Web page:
Endpoint malware attacks decline as campaigns spread wider – Help Net Security

In Q2 2023, 95% of malware now arrives over encrypted connections, endpoint malware volumes are decreasing despite campaigns growing more widespread, ransomware detections are declining amid a rise in double-extortion attacks, and older software vulnerabilities persist as popular targets for exploitation among modern threat actors, among other trends, according to WatchGuard.

endpoint malware Q2 2023

“The data analyzed by our Threat Lab for our latest report reinforces how advanced malware attacks fluctuate in occurrence and multifaceted cyber threats continue to evolve, requiring constant vigilance and a layered security approach to combat them effectively,” said Corey Nachreiner, CSO at WatchGuard.

“There is no single strategy that threat actors wield in their attacks and certain threats often present varying levels of risk at different times of the year. Organizations must continually be on alert to monitor these threats and employ a unified security approach, which can be administered effectively by managed service providers, for their best defense,” Nachreiner continued.

Malware hidden behind encryption

Most malware lurks behind SSL/TLS encryption used by secured websites. Organizations that don’t inspect SSL/TLS traffic at the network perimeter are likely missing most malware. Furthermore, zero-day malware dropped to 11% of total malware detections, an all-time low. However, when inspecting malware over encrypted connections, the share of evasive detections increased to 66%, indicating attackers continue to deliver sophisticated malware primarily via encryption.

There was a slight 8% decrease in endpoint malware detections in Q2 2023 compared to the previous quarter. However, when looking at endpoint malware detections caught by 10 to 50 systems or 100 or more systems, these detections increased in volume by 22% and 21%, respectively. The increased detections among more machines indicate widespread malware campaigns grew from Q1 to Q2 of 2023.

Double-extortion attacks from ransomware groups increased 72% quarter over quarter, as the Threat Lab noted 13 new extortion groups. However, the rise in double-extortion attacks occurred as ransomware detections on endpoints declined 21% quarter over quarter and 72% year over year.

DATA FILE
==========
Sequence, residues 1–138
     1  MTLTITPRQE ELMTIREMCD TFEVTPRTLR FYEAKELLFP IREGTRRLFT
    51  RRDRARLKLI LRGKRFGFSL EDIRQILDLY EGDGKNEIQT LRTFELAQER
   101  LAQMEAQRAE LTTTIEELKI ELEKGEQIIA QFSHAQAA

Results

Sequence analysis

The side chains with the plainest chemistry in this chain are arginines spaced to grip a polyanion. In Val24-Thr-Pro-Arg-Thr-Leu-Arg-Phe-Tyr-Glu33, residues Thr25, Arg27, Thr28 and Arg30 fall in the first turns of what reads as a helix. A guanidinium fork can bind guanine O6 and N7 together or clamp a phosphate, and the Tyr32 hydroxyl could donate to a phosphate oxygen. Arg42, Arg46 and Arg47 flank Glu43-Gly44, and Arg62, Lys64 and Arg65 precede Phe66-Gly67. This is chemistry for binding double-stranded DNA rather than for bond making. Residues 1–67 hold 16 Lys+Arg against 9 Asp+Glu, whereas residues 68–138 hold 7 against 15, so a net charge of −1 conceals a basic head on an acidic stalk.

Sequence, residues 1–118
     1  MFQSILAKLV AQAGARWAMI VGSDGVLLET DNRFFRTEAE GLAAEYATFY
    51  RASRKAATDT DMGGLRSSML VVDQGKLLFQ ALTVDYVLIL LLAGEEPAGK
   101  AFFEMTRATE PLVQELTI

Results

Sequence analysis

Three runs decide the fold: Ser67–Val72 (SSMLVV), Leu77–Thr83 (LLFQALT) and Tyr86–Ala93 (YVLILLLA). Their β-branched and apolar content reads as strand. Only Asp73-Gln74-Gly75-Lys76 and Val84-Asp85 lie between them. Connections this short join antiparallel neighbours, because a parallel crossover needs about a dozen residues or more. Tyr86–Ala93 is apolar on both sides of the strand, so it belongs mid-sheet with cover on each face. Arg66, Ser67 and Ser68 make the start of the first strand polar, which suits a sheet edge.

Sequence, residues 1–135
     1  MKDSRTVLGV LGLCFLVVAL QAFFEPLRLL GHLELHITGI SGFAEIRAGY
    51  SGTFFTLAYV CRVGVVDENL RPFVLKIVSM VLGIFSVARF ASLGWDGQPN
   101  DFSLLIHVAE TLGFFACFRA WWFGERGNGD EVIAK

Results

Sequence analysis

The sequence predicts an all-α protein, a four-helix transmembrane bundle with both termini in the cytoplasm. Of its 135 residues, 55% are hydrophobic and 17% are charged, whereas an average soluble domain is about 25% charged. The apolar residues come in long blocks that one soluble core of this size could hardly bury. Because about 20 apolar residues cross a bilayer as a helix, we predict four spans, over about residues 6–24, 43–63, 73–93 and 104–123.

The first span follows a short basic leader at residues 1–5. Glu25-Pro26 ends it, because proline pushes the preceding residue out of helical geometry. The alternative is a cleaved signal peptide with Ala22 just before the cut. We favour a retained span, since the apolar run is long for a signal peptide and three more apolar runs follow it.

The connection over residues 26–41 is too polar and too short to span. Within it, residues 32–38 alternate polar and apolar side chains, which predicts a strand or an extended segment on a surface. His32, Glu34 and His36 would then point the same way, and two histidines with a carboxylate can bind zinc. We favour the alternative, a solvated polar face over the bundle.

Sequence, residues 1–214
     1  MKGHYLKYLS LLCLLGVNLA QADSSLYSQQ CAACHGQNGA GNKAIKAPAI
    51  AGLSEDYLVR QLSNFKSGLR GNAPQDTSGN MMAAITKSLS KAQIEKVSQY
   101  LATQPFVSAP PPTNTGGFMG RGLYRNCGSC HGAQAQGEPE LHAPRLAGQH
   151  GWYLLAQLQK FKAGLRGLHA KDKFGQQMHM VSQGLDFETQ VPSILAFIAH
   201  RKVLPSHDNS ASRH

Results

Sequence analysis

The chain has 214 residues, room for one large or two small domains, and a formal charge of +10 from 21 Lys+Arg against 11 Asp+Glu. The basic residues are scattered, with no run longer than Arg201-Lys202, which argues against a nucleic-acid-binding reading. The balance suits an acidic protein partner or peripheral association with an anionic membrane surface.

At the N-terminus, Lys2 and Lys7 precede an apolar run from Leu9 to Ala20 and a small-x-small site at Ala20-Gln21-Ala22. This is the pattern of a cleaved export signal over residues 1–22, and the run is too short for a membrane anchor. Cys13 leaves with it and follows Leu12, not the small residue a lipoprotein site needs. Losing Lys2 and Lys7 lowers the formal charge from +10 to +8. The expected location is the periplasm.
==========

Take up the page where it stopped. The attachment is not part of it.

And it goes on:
There were six new malware variants in the Top 10 endpoint detections. Threat Lab saw a massive increase in detections of the compromised 3CX installer, accounting for 48% of the total detection volume in the Q2 Top 10 list of malware threats. Furthermore, Glupteba, a multi-faceted loader, botnet, information stealer, and cryptominer that targets victims seemingly indiscriminately worldwide, made a resurgence in early 2023 after being disrupted in 2021.

Cybercriminals continue to target older software vulnerabilities

Threat actors increasingly leverage Windows living off-the-land binaries to deliver malware. In analyzing attack vectors and how threat actors gain access in endpoints, attacks that abused Windows OS tools like WMI and PSExec grew 29%, accounting for 17% of all total volume, while malware that used scripts like PowerShell dropped 41% in volume. Scripts remain the most common malware delivery vector, accounting for 74% of detections overall. Browser-based exploits declined 33%, accounting for 3% of the total volume.

Threat Lab researchers found three new signatures in the Top 10 network attacks for Q2 based on older vulnerabilities. One was a 2016 vulnerability associated with an open-source learning management system (GitHub) that was retired in 2018. Others were a signature that catches integer overflows in PHP, the scripting language used by many websites, and a 2010 buffer overflow and HP management application called Open View Network Node Manager.

In researching malicious domains, the Threat Lab team encountered instances of self-managed websites (such as WordPress blogs) and a domain-shortening service that were compromised to host either malware or malware command and control framework. Additionally, Qakbot threat actors had compromised a website dedicated to an educational contest in the Asia Pacific region to host command and control infrastructure for their botnet.